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- Open Access
Helicobacter pylori antigen scanning in stools in the patients and in the staff of the intensive care unit
Critical Care volume 6, Article number: P190 (2002)
Background and goal
The pathogenesis of acute gastric ulceration of the ICU patients is still unclear and whether Helicobacter pylori (HP) plays a role in pathogenesis is not known [1,2]. In this study, we aimed to detect the presence of HP colonization in stools and the importance of the HP positivity of the ICU staff in spread of infection.
Materials and methods
The study included 52 patients, treated in the ICU and 40 healthcare staff from ICU of Department of Anaesthesia and 40 from the ICU of the other departments. Presence of HP antigen was assessed by using Helicobacter pylori Stool Antigen (HpSA) test (Primer Platinum HpSA; Meridian Diagnostic, Cincinnati, USA) in the first 24-48 hours and at the end of a week after admission for the patients and only once from the medical staff. The antigen titers were compared between the ICU staff and others based on the multiple factors.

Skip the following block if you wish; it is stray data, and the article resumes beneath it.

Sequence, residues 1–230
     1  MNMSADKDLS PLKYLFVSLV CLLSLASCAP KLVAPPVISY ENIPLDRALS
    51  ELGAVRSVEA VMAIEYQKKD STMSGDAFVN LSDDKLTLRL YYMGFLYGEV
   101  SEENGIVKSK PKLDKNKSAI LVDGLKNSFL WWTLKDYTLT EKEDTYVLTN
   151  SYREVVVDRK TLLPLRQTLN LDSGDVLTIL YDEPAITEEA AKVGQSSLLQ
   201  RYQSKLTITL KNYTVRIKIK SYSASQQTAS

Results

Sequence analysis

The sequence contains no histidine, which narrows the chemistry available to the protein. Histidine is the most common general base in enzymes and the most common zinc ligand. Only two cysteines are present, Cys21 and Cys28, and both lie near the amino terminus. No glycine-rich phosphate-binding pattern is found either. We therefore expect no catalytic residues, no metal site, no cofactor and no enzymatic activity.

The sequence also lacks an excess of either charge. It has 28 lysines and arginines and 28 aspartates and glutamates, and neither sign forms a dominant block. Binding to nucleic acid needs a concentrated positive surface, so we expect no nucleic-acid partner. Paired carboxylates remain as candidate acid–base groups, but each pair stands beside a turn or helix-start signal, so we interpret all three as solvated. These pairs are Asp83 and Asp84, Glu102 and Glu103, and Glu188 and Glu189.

Results and discussion
The hospitalization in ICU was a significant factor in HP antigen positivity. The incidence of HP positivity in ICU staff was higher than the others (P < 0.05). The antigen titers were also higher in ICU staff than the other staff and this difference was statistically significant (P < 0.05). The antigen titers were also well correlated with their duration of working in ICU (P < 0.05). Presence of a high incidence of HP infections in ICU patients lead us to the thought that HP might be suggested as one of the causative agents in nosocomial infections. High antigen titers in ICU staff suggested that transmission by oral-oral or fecal-oral routes might be possible because they often exposed to secretions of patients such as feces, urine and saliva [1,3].
In the critically ill patients, acute ulcer prophylaxis was caused by HP infection. This study also showed the importance of knowledge of a new nosocomial causative agent for ICU staff and its probable spreading ways of oral-oral or fecal-oral.
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Cite this article
Özkan, S., Metin, M., Acar, H. et al. Helicobacter pylori antigen scanning in stools in the patients and in the staff of the intensive care unit. Crit Care 6, P190 (2002). https://doi.org/10.1186/cc1652
- Intensive Care Unit
- Causative Agent
- Gastric Ulceration
- Medical Staff